Elizabeth Warren’s Student Loan bill seemed more like a political stunt than something that was actually designed to pass

I confess to being cynical.  But remember when the first thing the Democratic House passed in 2006 was prescription drug reform — only to renounce it when they actually had the power to get it through?  Somehow Elizabeth Warren’s Student Loan reform bill feels like a similar political stunt that was never meant to actually pass.

The thing that doesn’t pass the smell test is the pay-for.

Warren’s bill would pay for refinancing students’ loans by raising taxes on the wealthy, a guaranteed non-starter for Republicans in the Senate and the House. Sen. Chuck Schumer (D-N.Y.) — who Tuesday said Democrats will bring it back to the floor in the future if it fails to pass Congress — has in the past said that paying for a student loan bill using the so-called “Buffet rule” is a surefire way to politicize it.

But Warren and other Democrats have cast the bill as a choice between helping students and helping the rich.

“With this vote, we show the American people who we work for in the United States Senate: billionaires or students,” Warren said on the Senate floor on Wednesday.

Actually, what you showed me is that (a) you’re not aware of the need for 60 votes to pass cloture, or (b) you didn’t know that protecting the rights of the rich is what Republicans run on, or (c) you never really intended for this to pass and it was a stunt to help Democrats have a nice talking point in advance of the November election.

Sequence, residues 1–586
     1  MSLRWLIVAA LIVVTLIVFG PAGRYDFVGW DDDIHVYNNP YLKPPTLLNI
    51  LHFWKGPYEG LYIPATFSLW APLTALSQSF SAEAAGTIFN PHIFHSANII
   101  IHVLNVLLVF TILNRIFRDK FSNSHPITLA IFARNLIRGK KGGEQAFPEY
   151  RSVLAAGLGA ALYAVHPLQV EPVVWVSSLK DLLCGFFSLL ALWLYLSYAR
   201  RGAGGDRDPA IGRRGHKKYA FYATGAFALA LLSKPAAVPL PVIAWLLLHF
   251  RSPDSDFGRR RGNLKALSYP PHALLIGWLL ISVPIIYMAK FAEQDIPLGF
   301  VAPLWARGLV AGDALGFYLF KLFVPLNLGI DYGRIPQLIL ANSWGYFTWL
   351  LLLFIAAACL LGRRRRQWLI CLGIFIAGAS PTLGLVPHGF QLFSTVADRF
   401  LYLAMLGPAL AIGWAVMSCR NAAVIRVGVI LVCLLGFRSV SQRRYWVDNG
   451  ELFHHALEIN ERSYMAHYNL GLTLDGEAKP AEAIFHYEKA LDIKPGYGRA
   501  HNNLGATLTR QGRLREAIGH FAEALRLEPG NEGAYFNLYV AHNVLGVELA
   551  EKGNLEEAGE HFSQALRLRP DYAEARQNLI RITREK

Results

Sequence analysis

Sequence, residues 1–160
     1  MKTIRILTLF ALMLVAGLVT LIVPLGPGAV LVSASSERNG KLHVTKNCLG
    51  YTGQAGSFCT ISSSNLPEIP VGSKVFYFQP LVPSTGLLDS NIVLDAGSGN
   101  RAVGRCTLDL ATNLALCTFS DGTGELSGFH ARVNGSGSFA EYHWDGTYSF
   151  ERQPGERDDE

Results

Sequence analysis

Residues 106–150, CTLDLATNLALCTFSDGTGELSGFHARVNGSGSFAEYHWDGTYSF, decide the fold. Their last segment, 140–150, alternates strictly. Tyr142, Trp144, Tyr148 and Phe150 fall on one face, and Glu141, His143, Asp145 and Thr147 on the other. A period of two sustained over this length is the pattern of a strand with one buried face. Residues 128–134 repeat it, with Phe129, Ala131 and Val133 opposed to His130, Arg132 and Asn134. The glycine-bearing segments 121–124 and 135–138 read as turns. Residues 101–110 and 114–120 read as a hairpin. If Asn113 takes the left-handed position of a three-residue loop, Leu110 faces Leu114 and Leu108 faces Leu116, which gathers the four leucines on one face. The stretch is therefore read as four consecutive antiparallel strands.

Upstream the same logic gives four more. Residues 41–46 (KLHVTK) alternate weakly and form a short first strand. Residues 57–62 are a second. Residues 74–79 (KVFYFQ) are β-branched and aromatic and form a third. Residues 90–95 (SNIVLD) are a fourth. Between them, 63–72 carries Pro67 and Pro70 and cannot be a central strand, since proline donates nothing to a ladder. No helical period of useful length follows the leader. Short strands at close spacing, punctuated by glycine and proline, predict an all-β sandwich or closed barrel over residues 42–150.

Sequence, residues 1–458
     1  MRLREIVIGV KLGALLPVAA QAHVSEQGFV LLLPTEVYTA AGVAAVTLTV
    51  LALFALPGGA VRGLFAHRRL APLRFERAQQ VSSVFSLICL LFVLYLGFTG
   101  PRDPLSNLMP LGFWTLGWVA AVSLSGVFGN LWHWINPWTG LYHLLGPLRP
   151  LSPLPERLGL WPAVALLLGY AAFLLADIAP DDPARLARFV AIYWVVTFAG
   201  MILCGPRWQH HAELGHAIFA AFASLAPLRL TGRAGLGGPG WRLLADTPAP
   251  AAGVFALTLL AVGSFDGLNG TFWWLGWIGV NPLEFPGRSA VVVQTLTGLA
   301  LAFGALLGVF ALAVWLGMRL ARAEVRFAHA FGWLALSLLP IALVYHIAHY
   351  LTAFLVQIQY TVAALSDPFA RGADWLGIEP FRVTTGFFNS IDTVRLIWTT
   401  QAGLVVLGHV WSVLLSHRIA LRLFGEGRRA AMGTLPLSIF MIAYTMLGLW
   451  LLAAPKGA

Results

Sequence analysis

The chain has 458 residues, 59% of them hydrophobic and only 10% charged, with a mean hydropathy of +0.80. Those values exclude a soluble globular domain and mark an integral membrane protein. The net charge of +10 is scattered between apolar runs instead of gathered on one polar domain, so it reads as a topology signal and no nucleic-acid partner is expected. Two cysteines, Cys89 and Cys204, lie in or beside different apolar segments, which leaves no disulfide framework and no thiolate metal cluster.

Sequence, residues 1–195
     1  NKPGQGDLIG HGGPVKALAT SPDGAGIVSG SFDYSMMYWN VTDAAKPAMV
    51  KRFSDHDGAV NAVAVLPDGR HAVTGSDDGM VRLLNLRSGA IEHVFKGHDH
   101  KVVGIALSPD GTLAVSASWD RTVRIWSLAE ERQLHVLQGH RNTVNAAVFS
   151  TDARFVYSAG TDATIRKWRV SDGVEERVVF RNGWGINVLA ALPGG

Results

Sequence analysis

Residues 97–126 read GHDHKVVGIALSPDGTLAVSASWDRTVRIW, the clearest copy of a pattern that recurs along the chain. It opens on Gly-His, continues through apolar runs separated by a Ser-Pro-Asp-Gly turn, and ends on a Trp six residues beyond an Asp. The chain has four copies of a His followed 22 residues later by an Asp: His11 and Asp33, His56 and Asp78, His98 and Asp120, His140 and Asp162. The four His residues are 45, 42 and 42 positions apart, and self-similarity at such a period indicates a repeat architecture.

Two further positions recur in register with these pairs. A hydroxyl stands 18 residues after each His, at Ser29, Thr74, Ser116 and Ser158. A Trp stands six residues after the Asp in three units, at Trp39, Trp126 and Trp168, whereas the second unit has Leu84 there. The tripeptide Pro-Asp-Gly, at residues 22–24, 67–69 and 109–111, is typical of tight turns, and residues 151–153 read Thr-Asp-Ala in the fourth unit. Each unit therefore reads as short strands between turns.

I pick “C.”

Every year USPIRG gets together with the National Taxpayer’s Union and comes up with a report called Toward Common Ground, which includes budget cuts that are acceptable to both conservatives and liberals.  It’s a pretty impressive document that I’ve written about before.  Elizabeth Warren needed to come up with $55 billion to pay for her Student Loan bill.  Here are a few items from the 2013 TCG report report (PDF):

  • $151.6 billion savings in wasteful subsidies
  • $197.2 billion from addressing outdated or ineffective military programs
  • $42.3 billion from improving program execution and government operations
  • $131.6 billion from reforms to entitlement programs

All of these recommendations have the approval of the American Taxpayers Union, a very conservative group.  Including any of these as a “pay for” would have had a much better chance of winning over GOP votes to get to the magical 60.

However, had the bill actually passed, the banks would’ve gone nuts.  And nobody wants that in an election year.

Passing student loan reform is critically necessary.  An entire generation is being crushed under the burden of loans in the tens or hundreds of thousands of dollars they can never hope to repay.  The next time anyone puts student loan reform to the vote, I hope they find a less hackish, partisan PR stunt-like way to pay for it.